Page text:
September 1, 2012
further response to Yale's view of legal writing professors
The Law.com blogs published this post and some interesting comments ensued, further explaining the continuing bias in the legal academy towards those of us who teach legal research and writing.
hat tip: Lisa McElroy
September 1, 2012 | Permalink
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William Burton, the wonderful man who runs the Burton Foundation and presents the Annual Burton Awards for outstanding Legal Writing and Legal Writing teaching, has asked me to post this for him. Please appreciate that he is risking alienating some of his Yale grad board members and some of his distinguished awardees, including judges and lawyers who are Yale grads. He feels very strongly about improving the plight of Legal Writing professors and the courses they teach.
THE STORM HAS NOT PASSED
The groundswell of opposition to Yale Law School's policy of discounting or discarding letters of recommendation written by legal writing professors for aspiring transfer students has not abated.
While Associate Dean Asha Rangappa removed the controversial blog, the policy apparently remains in place. Specifically, the original posting stated: "A common mistake on this front is to make one of your two required recommendations from a legal writing instructor."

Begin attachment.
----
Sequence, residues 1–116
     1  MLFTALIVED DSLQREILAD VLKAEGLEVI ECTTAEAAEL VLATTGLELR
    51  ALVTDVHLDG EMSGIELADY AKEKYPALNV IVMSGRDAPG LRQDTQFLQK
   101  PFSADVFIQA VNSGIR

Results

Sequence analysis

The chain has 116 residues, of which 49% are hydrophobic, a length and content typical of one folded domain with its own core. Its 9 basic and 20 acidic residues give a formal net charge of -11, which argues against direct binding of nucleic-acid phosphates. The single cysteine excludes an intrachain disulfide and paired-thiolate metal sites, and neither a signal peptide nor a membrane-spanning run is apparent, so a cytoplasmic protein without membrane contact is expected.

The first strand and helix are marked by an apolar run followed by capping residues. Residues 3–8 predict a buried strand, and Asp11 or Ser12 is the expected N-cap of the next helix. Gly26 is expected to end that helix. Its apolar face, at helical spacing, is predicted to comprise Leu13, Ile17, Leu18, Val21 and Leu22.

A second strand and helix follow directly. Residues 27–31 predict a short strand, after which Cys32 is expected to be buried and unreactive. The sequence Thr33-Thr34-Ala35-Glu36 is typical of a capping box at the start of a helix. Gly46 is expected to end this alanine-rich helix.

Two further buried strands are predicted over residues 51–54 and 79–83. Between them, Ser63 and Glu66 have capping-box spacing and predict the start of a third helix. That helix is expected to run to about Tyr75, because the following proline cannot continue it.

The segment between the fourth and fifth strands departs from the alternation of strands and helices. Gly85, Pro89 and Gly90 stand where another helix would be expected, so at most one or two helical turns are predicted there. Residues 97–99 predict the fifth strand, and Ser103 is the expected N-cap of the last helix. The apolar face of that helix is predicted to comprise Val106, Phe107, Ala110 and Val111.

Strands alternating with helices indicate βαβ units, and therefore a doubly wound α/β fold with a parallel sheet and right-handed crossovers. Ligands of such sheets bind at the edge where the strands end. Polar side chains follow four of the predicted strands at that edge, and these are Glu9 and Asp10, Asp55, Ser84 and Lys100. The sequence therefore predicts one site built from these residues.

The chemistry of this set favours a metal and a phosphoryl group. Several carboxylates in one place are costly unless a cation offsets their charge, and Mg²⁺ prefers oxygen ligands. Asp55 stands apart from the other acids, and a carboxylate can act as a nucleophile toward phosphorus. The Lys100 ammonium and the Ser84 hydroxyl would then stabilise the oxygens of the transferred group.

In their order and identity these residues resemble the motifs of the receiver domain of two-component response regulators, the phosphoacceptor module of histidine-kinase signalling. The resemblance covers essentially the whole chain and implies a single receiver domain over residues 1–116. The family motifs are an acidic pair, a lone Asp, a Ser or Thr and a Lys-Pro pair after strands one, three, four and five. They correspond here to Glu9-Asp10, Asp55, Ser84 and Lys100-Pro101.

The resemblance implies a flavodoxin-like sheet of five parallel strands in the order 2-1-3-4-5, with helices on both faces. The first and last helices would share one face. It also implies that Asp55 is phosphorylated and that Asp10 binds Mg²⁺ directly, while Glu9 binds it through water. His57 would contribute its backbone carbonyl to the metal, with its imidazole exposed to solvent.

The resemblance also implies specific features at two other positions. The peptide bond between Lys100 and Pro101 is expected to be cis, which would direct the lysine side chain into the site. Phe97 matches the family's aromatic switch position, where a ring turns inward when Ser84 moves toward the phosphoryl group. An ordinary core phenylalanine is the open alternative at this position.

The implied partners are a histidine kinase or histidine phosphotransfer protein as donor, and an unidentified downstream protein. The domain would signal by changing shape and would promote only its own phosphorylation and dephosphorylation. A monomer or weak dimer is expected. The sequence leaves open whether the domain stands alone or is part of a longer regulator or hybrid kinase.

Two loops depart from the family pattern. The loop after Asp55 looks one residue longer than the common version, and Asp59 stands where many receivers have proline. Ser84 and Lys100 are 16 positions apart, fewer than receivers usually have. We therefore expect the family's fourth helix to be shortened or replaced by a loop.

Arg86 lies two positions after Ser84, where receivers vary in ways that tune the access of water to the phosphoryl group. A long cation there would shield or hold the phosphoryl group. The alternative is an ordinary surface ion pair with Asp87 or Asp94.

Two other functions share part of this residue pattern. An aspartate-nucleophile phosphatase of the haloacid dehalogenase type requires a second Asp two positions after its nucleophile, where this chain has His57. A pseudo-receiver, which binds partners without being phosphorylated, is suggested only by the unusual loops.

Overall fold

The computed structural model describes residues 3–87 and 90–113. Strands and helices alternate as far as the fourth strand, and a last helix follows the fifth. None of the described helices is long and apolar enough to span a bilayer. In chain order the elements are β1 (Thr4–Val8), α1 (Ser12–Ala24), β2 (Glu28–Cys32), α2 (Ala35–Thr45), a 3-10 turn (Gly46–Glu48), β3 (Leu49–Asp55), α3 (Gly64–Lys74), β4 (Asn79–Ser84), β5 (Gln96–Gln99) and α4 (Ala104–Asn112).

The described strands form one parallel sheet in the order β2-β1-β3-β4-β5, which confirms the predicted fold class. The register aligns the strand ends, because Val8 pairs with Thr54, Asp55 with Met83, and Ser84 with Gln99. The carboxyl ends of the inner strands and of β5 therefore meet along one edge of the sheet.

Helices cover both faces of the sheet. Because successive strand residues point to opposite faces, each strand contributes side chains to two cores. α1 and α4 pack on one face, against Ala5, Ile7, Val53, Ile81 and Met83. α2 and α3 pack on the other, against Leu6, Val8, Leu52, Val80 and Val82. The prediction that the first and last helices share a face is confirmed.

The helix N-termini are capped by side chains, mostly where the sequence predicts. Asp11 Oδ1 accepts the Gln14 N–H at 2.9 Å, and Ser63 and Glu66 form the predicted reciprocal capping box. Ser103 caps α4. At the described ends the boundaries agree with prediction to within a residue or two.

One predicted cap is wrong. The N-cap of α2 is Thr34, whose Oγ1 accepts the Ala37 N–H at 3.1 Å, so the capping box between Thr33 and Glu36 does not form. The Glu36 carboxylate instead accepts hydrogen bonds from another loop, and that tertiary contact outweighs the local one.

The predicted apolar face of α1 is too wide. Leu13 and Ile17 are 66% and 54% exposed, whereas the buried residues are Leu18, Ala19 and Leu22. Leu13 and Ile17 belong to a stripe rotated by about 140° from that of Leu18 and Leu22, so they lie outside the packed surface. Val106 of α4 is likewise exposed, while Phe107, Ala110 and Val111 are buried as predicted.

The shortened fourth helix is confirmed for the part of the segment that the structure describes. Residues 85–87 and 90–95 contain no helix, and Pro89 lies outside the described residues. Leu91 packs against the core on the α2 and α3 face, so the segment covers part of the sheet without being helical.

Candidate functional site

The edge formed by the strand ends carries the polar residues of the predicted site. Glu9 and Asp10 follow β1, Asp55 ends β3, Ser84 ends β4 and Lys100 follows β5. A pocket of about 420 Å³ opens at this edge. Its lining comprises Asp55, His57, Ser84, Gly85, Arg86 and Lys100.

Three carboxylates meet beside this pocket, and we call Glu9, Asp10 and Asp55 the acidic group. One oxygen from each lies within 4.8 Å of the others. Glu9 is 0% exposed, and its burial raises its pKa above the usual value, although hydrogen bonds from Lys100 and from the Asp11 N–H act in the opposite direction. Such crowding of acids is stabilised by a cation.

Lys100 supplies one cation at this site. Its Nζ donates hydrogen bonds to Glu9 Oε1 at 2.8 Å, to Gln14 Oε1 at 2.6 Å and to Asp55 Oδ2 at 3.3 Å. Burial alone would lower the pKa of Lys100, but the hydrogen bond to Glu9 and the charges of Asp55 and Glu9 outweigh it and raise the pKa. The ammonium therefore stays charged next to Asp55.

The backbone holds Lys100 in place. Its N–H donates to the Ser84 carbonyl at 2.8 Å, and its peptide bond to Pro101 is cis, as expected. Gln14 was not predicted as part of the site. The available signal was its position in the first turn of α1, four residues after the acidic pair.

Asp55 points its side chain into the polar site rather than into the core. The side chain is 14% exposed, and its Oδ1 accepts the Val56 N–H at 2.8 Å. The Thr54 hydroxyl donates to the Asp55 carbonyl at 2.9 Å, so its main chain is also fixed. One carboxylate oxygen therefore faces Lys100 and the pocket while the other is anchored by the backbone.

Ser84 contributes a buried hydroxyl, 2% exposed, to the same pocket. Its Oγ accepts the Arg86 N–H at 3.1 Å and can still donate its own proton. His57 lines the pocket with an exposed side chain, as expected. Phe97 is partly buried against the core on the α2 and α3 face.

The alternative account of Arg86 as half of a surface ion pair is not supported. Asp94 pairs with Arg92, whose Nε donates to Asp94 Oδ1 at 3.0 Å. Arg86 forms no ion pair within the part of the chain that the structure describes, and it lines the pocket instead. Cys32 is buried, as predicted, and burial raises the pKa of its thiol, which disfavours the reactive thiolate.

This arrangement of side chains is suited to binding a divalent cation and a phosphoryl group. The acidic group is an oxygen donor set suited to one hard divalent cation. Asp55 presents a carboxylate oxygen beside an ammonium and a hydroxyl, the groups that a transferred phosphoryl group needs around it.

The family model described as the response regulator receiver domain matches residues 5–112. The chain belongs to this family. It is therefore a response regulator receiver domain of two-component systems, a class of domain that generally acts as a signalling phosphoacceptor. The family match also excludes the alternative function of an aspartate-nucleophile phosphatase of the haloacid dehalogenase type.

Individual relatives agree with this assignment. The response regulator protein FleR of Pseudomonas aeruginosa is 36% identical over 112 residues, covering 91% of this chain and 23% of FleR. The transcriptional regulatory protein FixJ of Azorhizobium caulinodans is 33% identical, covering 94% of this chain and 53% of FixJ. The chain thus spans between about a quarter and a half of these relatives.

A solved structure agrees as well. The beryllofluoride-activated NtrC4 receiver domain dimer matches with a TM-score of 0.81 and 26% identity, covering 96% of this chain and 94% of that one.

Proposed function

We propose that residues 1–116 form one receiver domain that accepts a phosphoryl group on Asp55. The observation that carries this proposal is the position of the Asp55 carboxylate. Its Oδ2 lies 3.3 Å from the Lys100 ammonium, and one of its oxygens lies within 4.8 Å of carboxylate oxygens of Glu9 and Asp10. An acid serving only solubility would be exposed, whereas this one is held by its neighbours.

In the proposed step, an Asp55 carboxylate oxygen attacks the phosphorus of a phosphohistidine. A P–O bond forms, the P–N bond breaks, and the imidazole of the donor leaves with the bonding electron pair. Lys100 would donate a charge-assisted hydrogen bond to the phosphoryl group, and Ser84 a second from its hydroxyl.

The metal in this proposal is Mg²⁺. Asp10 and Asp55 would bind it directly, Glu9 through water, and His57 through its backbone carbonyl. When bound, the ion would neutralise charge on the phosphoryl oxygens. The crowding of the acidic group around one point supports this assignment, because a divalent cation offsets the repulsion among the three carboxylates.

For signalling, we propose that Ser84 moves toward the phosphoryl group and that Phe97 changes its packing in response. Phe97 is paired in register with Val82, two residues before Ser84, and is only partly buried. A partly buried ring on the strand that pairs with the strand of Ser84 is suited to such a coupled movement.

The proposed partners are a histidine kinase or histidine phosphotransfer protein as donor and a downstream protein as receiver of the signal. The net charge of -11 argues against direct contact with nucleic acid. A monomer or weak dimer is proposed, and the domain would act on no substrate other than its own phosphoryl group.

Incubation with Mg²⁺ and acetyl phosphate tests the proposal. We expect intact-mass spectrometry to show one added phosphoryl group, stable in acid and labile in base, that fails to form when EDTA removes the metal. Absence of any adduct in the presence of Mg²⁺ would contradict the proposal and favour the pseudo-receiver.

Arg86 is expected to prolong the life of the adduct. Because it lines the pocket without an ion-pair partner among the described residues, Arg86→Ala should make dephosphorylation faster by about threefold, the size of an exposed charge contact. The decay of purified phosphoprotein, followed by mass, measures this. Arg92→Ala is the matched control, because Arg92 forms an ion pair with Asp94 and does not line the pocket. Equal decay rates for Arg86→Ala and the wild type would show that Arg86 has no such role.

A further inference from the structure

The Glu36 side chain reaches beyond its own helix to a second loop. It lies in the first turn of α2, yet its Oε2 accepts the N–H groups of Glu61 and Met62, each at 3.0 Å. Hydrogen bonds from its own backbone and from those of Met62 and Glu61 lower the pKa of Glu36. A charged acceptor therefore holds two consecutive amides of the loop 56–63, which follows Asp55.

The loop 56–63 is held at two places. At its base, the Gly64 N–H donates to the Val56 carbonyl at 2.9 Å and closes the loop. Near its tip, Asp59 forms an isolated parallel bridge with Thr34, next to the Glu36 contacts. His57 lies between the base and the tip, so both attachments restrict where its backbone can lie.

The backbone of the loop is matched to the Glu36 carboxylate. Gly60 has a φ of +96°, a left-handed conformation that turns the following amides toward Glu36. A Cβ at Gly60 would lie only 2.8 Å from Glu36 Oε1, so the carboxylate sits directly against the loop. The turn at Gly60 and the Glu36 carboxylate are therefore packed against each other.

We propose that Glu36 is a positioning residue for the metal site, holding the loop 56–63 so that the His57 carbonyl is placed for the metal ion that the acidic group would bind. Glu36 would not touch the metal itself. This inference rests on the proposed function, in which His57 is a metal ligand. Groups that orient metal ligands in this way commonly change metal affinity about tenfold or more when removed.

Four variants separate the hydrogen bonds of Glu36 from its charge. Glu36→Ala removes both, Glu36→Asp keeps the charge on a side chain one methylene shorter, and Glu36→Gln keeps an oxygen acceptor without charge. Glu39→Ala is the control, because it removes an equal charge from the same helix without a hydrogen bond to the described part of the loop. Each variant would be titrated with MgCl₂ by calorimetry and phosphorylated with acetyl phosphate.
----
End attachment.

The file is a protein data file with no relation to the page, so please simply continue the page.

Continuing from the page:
In more recent letter, the dean announced the blog had been removed but sidestepped the issue of the existing policy which obviously continues unimpeded. She stated: "I have been unable to find a way to accurately revise or supplement my original blog post without making it too complex to be of any practical use for a potential applicant."
While it is gratifying that the dean acknowledges the need to simplify complex issues and achieve clarity, it is equally as disappointing and disconcerting to learn that new policy has not yet been set.
A solution might be as follows: "One of the two letters of recommendation required to be written for applicants seeking to transfer can be submitted by a legal writing professor. In that case, the legal writing professor shall assess an applicant's comprehension of complex issues, conscientiousness, ability to reason, and aptitude to convey thoughts clearly and convincingly. The second letter must then be written by a core subject area professor who assesses the applicant's depth of knowledge in a particular field of law."
Perhaps an even simpler approach is to allow a third letter of recommendation to be written by a legal writing professor and submitted for an applicant seeking to transfer into Yale Law School.
Whatever new course of action is taken, meaningful reform is necessary. A change in policy is essential to acknowledge and appreciate that Legal writing professors are often the best judges to assess the chances of success in law.
William C. Burton, Esq.
Posted by: ralph brill | Sep 4, 2012 10:47:15 AM